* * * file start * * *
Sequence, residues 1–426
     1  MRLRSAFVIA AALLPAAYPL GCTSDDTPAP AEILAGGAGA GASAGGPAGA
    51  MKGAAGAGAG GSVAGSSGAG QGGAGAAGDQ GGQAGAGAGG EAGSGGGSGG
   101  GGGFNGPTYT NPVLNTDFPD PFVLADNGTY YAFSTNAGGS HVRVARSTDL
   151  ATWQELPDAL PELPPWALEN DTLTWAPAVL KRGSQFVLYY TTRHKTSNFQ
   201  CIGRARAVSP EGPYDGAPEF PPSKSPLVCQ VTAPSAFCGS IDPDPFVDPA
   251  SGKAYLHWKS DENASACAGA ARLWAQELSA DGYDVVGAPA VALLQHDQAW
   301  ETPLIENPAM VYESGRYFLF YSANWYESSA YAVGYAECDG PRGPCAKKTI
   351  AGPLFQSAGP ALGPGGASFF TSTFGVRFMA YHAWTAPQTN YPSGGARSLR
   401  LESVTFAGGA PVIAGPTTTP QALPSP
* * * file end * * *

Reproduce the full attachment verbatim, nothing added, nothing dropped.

Sequence, residues 1–426
     1  MRLRSAFVIA AALLPAAYPL GCTSDDTPAP AEILAGGAGA GASAGGPAGA
    51  MKGAAGAGAG GSVAGSSGAG QGGAGAAGDQ GGQAGAGAGG EAGSGGGSGG
   101  GGGFNGPTYT NPVLNTDFPD PFVLADNGTY YAFSTNAGGS HVRVARSTDL
   151  ATWQELPDAL PELPPWALEN DTLTWAPAVL KRGSQFVLYY TTRHKTSNFQ
   201  CIGRARAVSP EGPYDGAPEF PPSKSPLVCQ VTAPSAFCGS IDPDPFVDPA
   251  SGKAYLHWKS DENASACAGA ARLWAQELSA DGYDVVGAPA VALLQHDQAW
   301  ETPLIENPAM VYESGRYFLF YSANWYESSA YAVGYAECDG PRGPCAKKTI
   351  AGPLFQSAGP ALGPGGASFF TSTFGVRFMA YHAWTAPQTN YPSGGARSLR
   401  LESVTFAGGA PVIAGPTTTP QALPSP